Money Times - July 10, 2018

Posted by Jill Kerby on July 10 2018 @ 09:00


Being the victim of someone else’s fraudulent insurance claim is not very pleasant.

Less than a year after I learned how to drive, I unfortunately bumped into the side of another car as we were both moving into (me) and off (him) a wide yellow crossbox one wet, late December afternoon.

Since we were both only inching along at less than 5km an hour, my left – undamaged - front bumper left a small dent in his left back passenger door.  The worse damage we inflicted was further snarling up rush hour traffic until we could both pull over to the side of the road.

I was devastated. We exchanged insurance details; I was clearly in the wrong. But the damage was tiny and if I had known, I would have offered to pay the damage from my own pocket rather than involve my insurance company. Nor did I call the Gardai, or look for witnesses, so minor was the altercation. I did notice however that the other driver’s car was old and rather banged up, with lots of little dents and scratches. I was mistakenly consoled by this.

I filled out the insurance forms but was outraged when I was informed that the claim – for over two thousand pounds - had been approved, seemingly without any second thought by my insurer.  Despite reminding the claims official of my description of the accident, he blithely replied that “small claim” were pretty much just rubber-stamped and disputes weren’t worth pursuing.

That was 34 years ago.

Who was at fault here (aside from me?)  The other driver for hugely exaggerating the damage to his already battered old car, or the insurance company for blithely paying up because the alleged cost of the damage was, in their view, inconsequential?

Last week, the Irish general insurance industry (you and me, again) agreed to fund a new, specialist Garda unit that will cost €1 million a year to investigate insurance fraud.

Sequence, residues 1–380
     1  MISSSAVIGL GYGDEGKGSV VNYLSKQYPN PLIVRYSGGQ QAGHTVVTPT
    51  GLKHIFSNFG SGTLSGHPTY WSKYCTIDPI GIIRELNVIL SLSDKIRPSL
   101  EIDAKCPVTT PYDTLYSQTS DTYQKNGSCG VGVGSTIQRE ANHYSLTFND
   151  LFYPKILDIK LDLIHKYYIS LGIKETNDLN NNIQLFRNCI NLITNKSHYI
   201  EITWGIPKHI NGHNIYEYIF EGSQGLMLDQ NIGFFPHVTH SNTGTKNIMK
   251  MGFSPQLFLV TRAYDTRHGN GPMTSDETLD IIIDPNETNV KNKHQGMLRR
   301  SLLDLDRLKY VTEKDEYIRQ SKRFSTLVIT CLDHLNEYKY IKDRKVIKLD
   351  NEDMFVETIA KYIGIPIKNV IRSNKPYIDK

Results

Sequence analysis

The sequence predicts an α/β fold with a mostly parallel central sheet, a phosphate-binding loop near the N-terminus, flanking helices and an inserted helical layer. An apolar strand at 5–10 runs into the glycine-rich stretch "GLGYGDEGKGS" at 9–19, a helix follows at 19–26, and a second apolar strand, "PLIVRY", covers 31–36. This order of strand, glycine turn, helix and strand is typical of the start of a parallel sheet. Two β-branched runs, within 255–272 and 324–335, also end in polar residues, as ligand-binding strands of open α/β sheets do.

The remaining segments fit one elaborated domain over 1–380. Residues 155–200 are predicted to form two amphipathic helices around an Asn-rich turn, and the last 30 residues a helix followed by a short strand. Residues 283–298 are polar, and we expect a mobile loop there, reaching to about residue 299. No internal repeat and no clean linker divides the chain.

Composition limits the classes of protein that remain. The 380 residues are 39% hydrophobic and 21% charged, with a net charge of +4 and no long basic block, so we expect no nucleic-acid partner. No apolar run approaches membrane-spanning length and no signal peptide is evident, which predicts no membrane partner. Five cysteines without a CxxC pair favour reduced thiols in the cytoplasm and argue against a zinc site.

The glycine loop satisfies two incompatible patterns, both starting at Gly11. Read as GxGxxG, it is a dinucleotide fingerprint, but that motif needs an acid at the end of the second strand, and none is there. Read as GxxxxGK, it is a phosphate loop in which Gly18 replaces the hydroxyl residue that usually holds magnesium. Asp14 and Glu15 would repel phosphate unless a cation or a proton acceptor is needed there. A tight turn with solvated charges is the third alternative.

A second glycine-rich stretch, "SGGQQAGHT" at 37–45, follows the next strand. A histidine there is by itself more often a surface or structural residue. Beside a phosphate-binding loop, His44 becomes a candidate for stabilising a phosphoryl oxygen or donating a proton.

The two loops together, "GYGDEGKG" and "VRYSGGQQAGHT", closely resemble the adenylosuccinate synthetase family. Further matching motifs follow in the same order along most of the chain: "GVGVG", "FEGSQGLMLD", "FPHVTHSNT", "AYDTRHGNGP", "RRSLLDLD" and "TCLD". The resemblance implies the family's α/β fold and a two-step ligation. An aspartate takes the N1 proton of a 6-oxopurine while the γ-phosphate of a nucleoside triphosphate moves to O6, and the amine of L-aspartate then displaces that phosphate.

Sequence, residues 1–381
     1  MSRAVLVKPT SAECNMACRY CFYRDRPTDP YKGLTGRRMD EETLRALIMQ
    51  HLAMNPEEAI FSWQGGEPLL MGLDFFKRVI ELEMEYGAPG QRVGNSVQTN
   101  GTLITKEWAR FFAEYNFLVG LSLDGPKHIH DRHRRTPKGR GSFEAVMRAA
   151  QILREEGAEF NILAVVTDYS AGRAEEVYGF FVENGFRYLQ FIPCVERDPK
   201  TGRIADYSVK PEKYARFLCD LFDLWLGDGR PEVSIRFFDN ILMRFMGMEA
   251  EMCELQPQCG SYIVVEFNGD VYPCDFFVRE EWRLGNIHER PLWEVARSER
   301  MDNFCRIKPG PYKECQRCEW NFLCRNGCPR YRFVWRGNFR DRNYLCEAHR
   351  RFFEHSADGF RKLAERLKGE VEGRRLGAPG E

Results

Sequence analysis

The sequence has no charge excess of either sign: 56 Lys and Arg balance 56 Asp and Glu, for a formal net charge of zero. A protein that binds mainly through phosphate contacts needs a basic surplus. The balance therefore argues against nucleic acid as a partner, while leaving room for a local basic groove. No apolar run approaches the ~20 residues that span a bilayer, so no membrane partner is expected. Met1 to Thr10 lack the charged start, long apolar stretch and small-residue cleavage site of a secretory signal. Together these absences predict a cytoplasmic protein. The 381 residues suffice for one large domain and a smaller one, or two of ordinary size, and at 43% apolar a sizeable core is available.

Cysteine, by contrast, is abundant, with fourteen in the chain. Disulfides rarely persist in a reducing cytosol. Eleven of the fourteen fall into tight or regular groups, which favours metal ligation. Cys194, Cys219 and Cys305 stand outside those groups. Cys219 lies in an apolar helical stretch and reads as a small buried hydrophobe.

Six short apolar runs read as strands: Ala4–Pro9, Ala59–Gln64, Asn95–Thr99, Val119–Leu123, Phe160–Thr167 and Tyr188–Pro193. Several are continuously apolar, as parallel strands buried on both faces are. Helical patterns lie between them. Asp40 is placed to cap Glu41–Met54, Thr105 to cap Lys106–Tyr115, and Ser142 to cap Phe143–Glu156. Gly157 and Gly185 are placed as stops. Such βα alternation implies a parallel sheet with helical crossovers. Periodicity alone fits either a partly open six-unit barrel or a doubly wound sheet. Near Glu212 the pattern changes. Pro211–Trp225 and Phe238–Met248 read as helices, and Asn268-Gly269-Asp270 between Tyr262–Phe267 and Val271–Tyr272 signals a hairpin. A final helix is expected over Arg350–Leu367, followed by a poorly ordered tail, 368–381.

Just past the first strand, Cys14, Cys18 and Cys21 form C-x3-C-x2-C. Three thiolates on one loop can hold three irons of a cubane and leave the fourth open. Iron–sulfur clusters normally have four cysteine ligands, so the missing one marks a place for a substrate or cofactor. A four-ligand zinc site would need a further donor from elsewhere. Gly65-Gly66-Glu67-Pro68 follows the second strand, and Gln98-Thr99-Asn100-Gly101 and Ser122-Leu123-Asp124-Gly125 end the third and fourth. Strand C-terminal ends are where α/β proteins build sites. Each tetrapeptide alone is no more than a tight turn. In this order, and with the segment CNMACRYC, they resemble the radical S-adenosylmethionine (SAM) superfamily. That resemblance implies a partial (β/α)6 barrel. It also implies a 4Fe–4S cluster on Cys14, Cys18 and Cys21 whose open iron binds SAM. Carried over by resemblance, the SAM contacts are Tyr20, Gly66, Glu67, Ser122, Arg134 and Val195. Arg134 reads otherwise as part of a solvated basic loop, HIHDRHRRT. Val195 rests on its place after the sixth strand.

The unit will be focussing on the big staged motor accidents (You-Tube is full of recordings) orchestrated by both individual criminals and organised crime gangs that result in exorbitant personal injury claims.

 It isn’t just motor fraud that is contributing to an estimated extra €50 cost per every insurance premium in Ireland:  small businesses are targetted too by customers (and employees) claiming they’ve injured themselves on the premises or at their workplace, usually by falling on wet or greasy surfaces they arranged themselves, by ‘accidentally’ falling down stairs (especially in pubs, nightclubs and restaurants) or by burning or cutting themselves, etc. 

Insurance fraud costs an estimated €200 million a year but the new 12 person insurance fraud unit will be kept so busy that they are unlikely to end up investigating very many of exaggerated claims that ordinary homeowners allegedly make when their home suffers damage or they experience a break-in.  The only thing these people might worry about is a guilty conscience. 

(The addition of no-claims bonuses to household policies – like the kind that apply to motor policies would help reduce exaggerated claims, a broker told me: “Even a small claim is likely to result in a huge premium jump, so people think, ‘I might as well gild the lily’.”)

One industry expert, Jonathan Hehir who operates a number of general on-line insurance brokers including Insuremyshop.ie and Insuremyhouse.ie said the more fraudulent claims, the higher premiums will increase.

“It’s encouraging to see the industry work together to combat this growing epidemic and if the UK system is emulated, as is the intention, then I would be confident that it would have an almost immediate effect of reducing the instances of claims – which will then have the knock-on effect of reducing premiums.”

This isn’t the first effort to reduce dodgy claims. In 2003, at the peak of the Celtic Tiger, Insurance Confidential, an initiative by Insurance Ireland, invited people to report suspected fraud to them.  Its motto was ‘Insurance Fraud is not a victimless crime’. It claims “thanks to the effort of the public it has helped prevent thousands of fraudulent claims to date.”

That may be so, but the situation is worse 15 years later, says Jonathan Hehir: “The scale and resources are simply not enough to deal with the level of fraud the industry now has to contend with, and the involvement of the Gardai on a larger scale is absolutely necessary,” He adds that his staff are all trained to recognise signs of fraud.

The cost of motor insurance had gone up by about 70% over the last 5-6 years. Premiums have fallen back somewhat in the last year but there is no similar evidence for home and shop insurance. Adding another €1 million a year to the industry’s costs – while very necessary – doesn’t augur well for a quick fall in customer premiums. 

This is just another ‘don’t hold your breath’ event.


(The new TAB Guide to Money Pensions & Tax 2018 is now out. See www.tab.ie for ebook edition.)  



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